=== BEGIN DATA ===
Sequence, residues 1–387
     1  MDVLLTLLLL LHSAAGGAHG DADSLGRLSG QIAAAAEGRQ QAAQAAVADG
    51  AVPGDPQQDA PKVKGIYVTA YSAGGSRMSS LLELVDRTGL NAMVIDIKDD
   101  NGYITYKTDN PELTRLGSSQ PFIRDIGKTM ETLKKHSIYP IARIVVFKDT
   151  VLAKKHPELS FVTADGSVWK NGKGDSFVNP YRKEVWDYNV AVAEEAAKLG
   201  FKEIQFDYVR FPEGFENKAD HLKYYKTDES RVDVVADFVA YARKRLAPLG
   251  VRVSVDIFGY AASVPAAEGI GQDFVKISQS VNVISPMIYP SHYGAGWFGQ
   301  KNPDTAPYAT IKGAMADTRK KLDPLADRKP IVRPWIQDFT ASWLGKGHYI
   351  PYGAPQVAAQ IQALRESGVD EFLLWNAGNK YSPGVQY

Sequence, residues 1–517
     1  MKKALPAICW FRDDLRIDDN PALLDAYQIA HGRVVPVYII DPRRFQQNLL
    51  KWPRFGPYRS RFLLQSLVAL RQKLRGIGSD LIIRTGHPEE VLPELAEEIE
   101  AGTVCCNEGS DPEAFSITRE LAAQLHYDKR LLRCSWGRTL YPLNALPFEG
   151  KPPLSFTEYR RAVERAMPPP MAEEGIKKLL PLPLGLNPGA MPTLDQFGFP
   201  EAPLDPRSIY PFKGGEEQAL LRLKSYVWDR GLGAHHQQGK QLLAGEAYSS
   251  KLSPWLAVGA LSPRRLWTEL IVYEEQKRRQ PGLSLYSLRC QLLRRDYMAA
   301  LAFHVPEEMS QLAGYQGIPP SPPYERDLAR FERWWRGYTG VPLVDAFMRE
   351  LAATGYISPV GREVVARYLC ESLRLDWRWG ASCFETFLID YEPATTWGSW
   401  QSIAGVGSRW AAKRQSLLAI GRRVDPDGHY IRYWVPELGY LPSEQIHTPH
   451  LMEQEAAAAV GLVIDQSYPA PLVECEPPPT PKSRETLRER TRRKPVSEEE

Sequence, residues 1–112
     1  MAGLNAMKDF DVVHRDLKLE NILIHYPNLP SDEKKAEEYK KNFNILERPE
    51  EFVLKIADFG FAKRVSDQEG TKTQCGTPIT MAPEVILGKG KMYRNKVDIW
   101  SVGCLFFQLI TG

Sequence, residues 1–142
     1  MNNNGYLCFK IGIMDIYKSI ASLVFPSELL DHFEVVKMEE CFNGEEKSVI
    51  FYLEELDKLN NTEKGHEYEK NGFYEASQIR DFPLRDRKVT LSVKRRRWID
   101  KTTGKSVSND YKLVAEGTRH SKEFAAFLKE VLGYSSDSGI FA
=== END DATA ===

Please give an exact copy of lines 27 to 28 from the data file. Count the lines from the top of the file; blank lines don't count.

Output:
    51  FYLEELDKLN NTEKGHEYEK NGFYEASQIR DFPLRDRKVT LSVKRRRWID
   101  KTTGKSVSND YKLVAEGTRH SKEFAAFLKE VLGYSSDSGI FA